Discusses key economic indicators and trade statistics, which countries are dominant in the market, the U.S. market share, the political situation if relevant, the top reasons why U.S. companies should consider exporting to this country, and other issues that affect trade, e.g., terrorism, currency devaluations, trade agreements.Last Published:11/6/2017
The Nordic countries (Sweden, Norway, Denmark, Finland, and Iceland) comprise the world’s 11th largest economy (estimated GDP of U.S. $1.7 billion), are a powerhouse of well-run economies and one of the world’s most dynamic, competitive, and innovative regions.
The Nordic countries are small, open economies and thus trade-depending countries. Foreign trade constitutes an important part of the economic activity. Nordic foreign trade in goods, measured as the average of imports and exports, amounts to more than one fourth of GDP in the Nordic countries.
Over the past ten years, the Nordic countries had a noticeably larger increase in their gross domestic product (GDP) than Europe in general.
Iceland and Sweden have the highest rate of foreign direct investment activity in the Nordics, both with regards to foreign companies investing in Iceland and Sweden and Icelandic and Swedish companies investing abroad.
Sweden has been one of the best fiscal performers since the start of the global crisis in 2008. Sweden recorded a Government Debt to GDP of 41.60 percent in 2016. Government Debt to GDP in Sweden averaged 50.20 percent from 1994 until 2015, reaching an all-time high of 72.40 percent in 1994 and a record low of 36.80 percent in 2008.
The Gross Domestic Product (GDP) in Sweden was worth 511 billion US dollars in 2016. Sweden is the largest Nordic economy and represents a transparent, highly developed, sophisticated and diversified market with few barriers to entry.
According to the World Economic Forum’s Global Information Technology Report 2016, Sweden ranks 3rd in the world in the Networked Readiness Index.
The Nordics rank among the top countries in WIPO’s 2017 Global Innovation Index (Sweden #2, Denmark #6, Finland #8, Iceland #13 and Norway #19).
With export-oriented manufacturing, a diversified economy, competitive SMEs, and budgetary discipline, Sweden ranks #9 on the IMD’s 2017 competitiveness ratings. Other Nordic rankings were Denmark #7, Norway #11, Finland #15, and Iceland #20.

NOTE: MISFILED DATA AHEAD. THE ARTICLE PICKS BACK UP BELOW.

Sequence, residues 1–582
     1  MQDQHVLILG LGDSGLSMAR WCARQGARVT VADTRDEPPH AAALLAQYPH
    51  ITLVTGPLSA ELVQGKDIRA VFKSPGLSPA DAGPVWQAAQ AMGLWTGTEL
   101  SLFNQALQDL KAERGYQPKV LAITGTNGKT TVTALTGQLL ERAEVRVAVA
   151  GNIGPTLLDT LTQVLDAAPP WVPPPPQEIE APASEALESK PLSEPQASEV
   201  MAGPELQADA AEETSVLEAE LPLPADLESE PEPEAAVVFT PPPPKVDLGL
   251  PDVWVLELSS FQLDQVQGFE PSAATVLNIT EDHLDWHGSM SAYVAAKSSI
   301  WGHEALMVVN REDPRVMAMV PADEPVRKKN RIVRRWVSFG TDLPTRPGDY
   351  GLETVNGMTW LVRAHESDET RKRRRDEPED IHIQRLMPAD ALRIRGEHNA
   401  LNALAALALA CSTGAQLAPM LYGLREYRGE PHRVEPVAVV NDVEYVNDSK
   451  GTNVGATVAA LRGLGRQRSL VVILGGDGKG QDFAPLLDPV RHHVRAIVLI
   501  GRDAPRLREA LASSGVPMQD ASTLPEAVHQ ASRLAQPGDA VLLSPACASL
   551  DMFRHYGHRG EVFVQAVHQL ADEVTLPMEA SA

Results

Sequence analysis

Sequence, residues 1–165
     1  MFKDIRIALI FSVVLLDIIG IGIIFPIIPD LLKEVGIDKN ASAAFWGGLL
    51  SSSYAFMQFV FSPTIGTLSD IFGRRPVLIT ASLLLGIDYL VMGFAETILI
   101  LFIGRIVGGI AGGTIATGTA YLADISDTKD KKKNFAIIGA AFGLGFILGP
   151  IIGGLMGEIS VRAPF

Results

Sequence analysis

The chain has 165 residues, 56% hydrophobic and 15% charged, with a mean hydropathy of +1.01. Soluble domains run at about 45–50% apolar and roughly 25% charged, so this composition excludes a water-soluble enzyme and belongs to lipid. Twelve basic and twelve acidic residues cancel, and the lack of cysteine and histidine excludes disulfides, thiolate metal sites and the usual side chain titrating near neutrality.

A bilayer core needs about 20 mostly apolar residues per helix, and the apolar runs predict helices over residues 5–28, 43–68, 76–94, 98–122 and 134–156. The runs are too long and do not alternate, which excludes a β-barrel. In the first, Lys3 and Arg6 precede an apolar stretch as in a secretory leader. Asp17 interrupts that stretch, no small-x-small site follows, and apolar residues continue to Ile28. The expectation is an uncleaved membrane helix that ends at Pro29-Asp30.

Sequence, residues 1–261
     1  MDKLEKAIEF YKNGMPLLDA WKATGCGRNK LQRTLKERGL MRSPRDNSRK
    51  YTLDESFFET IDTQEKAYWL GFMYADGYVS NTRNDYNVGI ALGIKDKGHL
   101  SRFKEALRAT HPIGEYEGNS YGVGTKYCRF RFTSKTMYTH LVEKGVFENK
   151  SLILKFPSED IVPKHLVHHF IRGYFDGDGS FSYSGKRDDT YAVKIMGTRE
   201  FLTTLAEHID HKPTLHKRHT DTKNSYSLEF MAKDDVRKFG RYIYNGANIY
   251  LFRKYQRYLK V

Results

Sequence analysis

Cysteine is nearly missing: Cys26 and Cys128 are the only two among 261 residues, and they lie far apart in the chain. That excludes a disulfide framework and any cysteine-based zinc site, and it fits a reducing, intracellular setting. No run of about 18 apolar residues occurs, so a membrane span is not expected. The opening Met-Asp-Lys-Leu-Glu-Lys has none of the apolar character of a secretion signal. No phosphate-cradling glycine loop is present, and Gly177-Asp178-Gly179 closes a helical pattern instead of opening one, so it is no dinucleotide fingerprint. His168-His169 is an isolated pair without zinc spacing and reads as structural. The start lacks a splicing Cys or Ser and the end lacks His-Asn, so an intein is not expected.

Over 1,300 U.S. companies are present in Sweden, and Sweden is the top location in the Nordics for regional headquarters covering the Nordics and the Baltics.
The U.S. and Sweden share strong ties in trade and investment. Annual U.S.-Swedish trade in goods and services is valued at an estimated $25 billion, and cumulative bilateral investment is valued over $62 billion.
Major categories of U.S. exports to Sweden include aerospace/defense, automotive aftermarket, telecommunications equipment, healthcare/life sciences, information technologies, safety/security, clean-tech, industrial machines and renewable energy.
More American companies operate in Sweden than companies from any other foreign country, creating over 72,000 Swedish jobs.
With strong historical, cultural, and business ties to the U.S., Sweden is a top European market for travel to the U. S. with about 586,000 visits annually (2015), accounting for over U.S. $ 2 billion of benefit to the U.S. economy (2015).
Prepared by our U.S. Embassies abroad. With its network of 108 offices across the United States and in more than 75 countries, the U.S. Commercial Service of the U.S. Department of Commerce utilizes its global presence and international marketing expertise to help U.S. companies sell their products and services worldwide. Locate the U.S. Commercial Service trade specialist in the U.S. nearest you by visiting http://export.gov/usoffices.